Salsify seeds at sunset, Madera County, California, 2006. When the summer heat arrives, I find salsify seed heads to collect. I cut them and save them for when I am in the mood to photograph them. When that time arrives, I place one, in its vase, on the top rail of my back stairs that lead to my office. As the sun drops into the trees by the river, the light warms and softens. I position the seed between my camera and the sun to isolate the seeds for this simple yet graphic effect.




Pebbles and Ripples, Ahwahnee, California, 2020. These ripples were formed on the ledge of my waterfall. I placed this stone so I could photograph the interaction of water and stone.




Stones, Ahwahnee, California, 2018. These stones become alive with their electric colors when wet. Just add water and click.

William Neill’s next book, Light on the Landscape, will be released soon. It is a collection of his “On Landscape” essays written over the past 23 years for Outdoor Photographer.

Published by William Neill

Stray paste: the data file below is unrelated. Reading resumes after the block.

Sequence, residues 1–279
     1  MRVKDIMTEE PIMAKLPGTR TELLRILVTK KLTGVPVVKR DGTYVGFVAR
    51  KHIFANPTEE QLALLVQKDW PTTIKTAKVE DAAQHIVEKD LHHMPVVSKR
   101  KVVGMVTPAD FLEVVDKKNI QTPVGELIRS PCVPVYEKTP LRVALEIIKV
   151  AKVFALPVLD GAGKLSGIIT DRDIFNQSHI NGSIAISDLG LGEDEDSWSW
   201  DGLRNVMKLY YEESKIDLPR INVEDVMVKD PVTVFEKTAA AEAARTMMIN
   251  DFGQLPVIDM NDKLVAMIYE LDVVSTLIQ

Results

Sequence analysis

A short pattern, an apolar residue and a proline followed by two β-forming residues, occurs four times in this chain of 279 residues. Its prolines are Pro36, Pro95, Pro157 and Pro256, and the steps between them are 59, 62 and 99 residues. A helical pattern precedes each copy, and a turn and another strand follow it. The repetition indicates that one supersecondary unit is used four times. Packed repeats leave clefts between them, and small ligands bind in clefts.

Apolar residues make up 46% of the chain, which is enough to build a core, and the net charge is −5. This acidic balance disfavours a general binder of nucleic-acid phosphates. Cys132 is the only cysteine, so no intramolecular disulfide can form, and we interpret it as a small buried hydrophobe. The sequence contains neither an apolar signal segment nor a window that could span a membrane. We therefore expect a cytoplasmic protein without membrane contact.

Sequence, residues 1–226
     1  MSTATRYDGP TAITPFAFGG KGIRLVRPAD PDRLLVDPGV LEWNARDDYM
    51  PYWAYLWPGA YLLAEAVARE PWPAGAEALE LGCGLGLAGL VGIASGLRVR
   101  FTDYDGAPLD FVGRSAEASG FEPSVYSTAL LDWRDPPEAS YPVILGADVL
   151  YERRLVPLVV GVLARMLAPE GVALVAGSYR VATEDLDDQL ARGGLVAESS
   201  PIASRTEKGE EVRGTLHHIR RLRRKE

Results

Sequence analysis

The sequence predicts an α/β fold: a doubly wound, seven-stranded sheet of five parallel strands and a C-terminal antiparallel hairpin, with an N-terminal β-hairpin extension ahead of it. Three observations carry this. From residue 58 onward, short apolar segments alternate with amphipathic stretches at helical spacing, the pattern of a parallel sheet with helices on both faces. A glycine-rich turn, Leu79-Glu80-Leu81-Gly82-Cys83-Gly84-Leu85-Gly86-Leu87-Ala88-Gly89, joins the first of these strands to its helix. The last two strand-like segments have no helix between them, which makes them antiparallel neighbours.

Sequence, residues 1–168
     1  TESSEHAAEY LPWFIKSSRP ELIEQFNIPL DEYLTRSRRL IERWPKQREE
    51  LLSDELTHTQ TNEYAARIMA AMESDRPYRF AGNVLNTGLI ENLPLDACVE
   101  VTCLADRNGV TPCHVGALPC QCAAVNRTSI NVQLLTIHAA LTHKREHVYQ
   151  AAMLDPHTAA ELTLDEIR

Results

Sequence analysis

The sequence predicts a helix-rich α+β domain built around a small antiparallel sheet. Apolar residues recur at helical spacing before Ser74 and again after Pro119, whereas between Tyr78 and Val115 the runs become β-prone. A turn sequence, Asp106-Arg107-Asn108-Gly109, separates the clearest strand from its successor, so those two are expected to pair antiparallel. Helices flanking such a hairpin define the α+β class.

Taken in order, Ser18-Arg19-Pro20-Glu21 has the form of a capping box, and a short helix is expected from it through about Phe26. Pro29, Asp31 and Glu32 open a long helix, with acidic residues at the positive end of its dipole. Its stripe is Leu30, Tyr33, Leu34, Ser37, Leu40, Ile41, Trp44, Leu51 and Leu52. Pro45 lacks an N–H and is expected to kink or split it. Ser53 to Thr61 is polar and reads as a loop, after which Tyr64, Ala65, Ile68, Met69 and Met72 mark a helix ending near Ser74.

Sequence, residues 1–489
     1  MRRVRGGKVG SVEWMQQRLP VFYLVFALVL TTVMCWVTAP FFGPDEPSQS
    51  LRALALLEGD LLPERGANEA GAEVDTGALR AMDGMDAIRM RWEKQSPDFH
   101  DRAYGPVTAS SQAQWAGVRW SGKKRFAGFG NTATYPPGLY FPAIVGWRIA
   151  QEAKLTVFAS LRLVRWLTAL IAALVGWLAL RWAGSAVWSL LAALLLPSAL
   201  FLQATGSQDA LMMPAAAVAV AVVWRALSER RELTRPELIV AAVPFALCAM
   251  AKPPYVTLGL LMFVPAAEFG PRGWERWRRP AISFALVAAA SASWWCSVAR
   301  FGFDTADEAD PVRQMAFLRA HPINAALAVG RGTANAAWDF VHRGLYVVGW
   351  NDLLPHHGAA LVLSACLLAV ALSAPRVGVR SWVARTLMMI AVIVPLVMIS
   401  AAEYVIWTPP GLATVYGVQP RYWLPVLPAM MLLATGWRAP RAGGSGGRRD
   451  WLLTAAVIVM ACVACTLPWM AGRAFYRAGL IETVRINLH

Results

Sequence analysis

William Neill, a resident of the Yosemite National Park area since 1977, is a landscape photographer concerned with conveying the deep, spiritual beauty he sees and feels in Nature. Neill's award-winning photography has been widely published in books, magazines, calendars, posters, and his limited-edition prints have been collected and exhibited in museums and galleries nationally, including the Museum of Fine Art Boston, Santa Barbara Museum of Art, The Vernon Collection, and The Polaroid Collection. Neill received a BA degree in Environmental Conservation at the University of Colorado. In 1995, Neill received the Sierra Club's Ansel Adams Award for conservation photography. Neill's assignment and published credits include National Geographic, Smithsonian, Natural History, National Wildlife, Conde Nast Traveler, Gentlemen's Quarterly, Travel and Leisure, Wilderness, Sunset, Sierra and Outside magazines. Also, he writes a monthly column, On Landscape, for Outdoor Photographer magazine. Feature articles about his work have appeared in Life, Camera and Darkroom, Outdoor Photographer and Communication Arts, from whom he has also received five Awards of Excellence. His corporate clients have included Sony Japan, Bayer Corporation, Canon USA, Nike, Nikon, The Nature Company, Hewlett Packard, 3M, Freidrick Grohe, Neutrogena, Sony Music/Classical, University of Cincinnati, UBS Global Asset Management. His work was chosen to illustrate two special edition books published by The Nature Company, Rachel Carson's The Sense of Wonder and John Fowles's The Tree. His photographs were also published in a three book series on the art and science of natural process in collaboration with the Exploratorium Museum of San Francisco: By Nature's Design (Exploratorium / Chronicle Books, 1993), The Color of Nature (Exploratorium / Chronicle Books, 1996) and Traces of Time (Chronicle Books / Exploratorium, Fall 2000). A portfolio of his Yosemite photographs has been published entitled Yosemite: The Promise of Wildness (Yosemite Association, 1994) which received The Director's Award from the National Park Service. A retrospective monograph of his landscape photography entitled Landscapes Of The Spirit (Bulfinch Press/Little, Brown, 1997) relates his beliefs in the healing power of nature. William has taught photography since 1980 for such prestigious organizations as The Ansel Adams Gallery, the Friends of Photography, Palm Beach Photographic Workshops, The Maine Workshops and Anderson Ranch Workshops. He specializes in landscape and nature photography and is concerned with conveying the beauty seen in Nature. Currently, he teaches online courses for BetterPhoto.com and One-on-One Workshops in his home studio near Yosemite National Park.